The pollution of Cedar Creek, and ultimately the Trinity, with organic animal wastes that can cause fish kills and carry pathogens has been under new scrutiny since Jan.19, when local, state and federal agents went to Columbia Packing with a search warrant.

They were responding to a tip from a man who saw what looked like blood in the creek in photographs he took with a camera-equipped remote-controlled plane on Dec. 9.

Dallas County investigator John Spencer cited evidence he gathered from aerial photos and a month of observation indicating that Columbia Packing had been releasing pigs’ blood and chemicals through a pipe from its slaughterhouse and packing plant directly into Cedar Creek.

At times, Spencer wrote in an affidavit, the creek’s water “turned blood red.”

Agents executed the search warrant as part of a criminal investigation, but they have not charged the plant or its executives.

On Tuesday, Dallas officials cited Columbia Packing for 18 alleged city code violations related to the plant’s wastewater discharges. “Hair and fleshings, whole blood, plastic gloves, and other materials” were in the discharges, the city said in a letter to the company.

In a statement released Thursday, the company said the discharges were accidental results of a clogged sewer line that routed wastewater to an overflow pipe leading to the creek.

“If we had known about it, we would have taken immediate remedial action,” the company said. “Since then the clog has been removed, and the lines are flowing cleanly into the city’s sewer line in compliance with city code.”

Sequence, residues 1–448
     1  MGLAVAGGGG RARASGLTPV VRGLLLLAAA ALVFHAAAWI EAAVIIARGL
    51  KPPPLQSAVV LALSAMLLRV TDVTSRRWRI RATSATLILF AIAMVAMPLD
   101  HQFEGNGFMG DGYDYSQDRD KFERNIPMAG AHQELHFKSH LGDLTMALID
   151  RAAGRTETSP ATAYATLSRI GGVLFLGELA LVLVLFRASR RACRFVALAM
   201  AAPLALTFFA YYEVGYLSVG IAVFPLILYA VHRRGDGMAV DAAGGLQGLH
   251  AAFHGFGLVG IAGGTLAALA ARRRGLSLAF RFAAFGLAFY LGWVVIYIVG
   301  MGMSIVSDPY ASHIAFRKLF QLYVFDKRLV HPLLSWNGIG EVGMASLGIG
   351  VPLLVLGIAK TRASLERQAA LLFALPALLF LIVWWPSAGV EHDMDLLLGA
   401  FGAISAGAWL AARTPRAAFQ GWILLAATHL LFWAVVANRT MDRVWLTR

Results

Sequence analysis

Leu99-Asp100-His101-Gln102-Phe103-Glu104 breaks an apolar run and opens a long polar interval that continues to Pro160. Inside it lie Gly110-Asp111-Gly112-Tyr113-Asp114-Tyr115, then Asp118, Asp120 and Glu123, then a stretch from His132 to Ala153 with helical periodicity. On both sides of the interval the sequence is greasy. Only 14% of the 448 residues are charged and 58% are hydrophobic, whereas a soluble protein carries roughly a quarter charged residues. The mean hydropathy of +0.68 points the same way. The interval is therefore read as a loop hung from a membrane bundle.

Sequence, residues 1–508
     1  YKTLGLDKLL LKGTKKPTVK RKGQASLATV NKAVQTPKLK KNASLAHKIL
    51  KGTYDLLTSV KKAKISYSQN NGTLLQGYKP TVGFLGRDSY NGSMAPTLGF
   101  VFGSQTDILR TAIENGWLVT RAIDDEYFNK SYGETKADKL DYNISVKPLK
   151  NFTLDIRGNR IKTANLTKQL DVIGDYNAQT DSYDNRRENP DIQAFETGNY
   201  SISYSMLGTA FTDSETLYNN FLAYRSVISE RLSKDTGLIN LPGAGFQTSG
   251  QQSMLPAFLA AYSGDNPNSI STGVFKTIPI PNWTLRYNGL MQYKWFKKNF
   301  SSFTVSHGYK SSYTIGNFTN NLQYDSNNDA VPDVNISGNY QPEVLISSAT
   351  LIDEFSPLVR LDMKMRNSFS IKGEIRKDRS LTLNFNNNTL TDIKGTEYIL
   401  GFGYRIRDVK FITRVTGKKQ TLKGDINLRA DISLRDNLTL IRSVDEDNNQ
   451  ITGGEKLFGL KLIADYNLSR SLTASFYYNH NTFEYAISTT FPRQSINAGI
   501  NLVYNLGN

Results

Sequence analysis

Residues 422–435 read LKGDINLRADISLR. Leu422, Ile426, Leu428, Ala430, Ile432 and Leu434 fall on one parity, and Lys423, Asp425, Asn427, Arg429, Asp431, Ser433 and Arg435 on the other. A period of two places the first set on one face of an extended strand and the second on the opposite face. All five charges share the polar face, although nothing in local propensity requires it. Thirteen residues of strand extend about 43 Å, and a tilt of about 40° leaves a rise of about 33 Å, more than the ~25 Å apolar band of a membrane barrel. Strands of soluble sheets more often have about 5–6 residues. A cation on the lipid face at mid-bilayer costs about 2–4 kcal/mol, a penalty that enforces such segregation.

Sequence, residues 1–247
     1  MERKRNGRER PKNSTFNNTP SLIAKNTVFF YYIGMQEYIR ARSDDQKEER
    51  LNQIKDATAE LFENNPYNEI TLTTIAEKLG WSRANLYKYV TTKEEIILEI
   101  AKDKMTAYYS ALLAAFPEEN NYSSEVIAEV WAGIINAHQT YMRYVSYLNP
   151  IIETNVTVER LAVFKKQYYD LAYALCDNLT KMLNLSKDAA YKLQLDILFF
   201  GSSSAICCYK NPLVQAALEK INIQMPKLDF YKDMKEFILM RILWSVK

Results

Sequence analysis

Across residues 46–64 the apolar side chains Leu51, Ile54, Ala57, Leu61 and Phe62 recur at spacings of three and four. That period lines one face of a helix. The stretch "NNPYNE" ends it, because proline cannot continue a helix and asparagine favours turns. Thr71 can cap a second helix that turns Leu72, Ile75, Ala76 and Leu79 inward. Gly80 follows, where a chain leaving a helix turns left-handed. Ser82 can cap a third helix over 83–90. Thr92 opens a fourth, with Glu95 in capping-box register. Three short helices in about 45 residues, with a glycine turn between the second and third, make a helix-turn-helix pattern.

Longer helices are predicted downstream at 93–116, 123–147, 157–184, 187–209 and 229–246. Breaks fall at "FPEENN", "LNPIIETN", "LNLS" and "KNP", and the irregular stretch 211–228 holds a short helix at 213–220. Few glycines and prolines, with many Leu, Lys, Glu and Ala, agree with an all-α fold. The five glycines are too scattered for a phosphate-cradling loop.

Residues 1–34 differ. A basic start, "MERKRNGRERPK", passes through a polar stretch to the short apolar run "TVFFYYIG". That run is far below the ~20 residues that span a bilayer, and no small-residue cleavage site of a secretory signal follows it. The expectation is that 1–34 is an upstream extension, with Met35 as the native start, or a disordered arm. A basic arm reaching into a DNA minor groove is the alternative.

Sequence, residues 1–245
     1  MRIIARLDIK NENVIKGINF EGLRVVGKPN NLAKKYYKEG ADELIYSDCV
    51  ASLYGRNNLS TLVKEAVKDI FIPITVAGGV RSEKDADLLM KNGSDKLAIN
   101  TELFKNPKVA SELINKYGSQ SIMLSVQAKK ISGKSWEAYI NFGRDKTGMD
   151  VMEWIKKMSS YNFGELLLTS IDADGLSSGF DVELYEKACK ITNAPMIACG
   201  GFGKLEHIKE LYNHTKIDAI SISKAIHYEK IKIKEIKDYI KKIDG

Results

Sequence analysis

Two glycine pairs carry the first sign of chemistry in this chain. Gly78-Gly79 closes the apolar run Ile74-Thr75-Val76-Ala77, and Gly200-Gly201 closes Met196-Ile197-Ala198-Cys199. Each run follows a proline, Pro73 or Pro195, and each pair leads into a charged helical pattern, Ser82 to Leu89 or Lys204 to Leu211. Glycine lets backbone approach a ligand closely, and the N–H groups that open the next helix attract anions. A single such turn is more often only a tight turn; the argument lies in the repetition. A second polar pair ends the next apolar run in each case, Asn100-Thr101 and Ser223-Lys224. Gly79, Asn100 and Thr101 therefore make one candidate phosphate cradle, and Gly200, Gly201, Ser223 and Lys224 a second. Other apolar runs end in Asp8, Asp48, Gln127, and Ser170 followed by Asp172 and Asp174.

A Google Earth satellite image from March 2011 shows a dark material entering the Trinity River a few yards downstream from Columbia Packing. Investigators have not said when they think discharges to Cedar Creek began.

In the most recent routine city inspection, in 2008, the drain pipe to Cedar Creek wasn’t noted, said Jordan, the assistant city manager.

The zoo’s pollution case was clearly different: Nobody was slaughtering animals or draining their blood into Cedar Creek.

However, flushing large amounts of animal feces and urine into public waters has proven to be a big threat to the environment. Dairies, feed lots, chicken and pig farms and other agricultural operations where many animals are kept in close quarters are major sources of water pollution, the EPA says.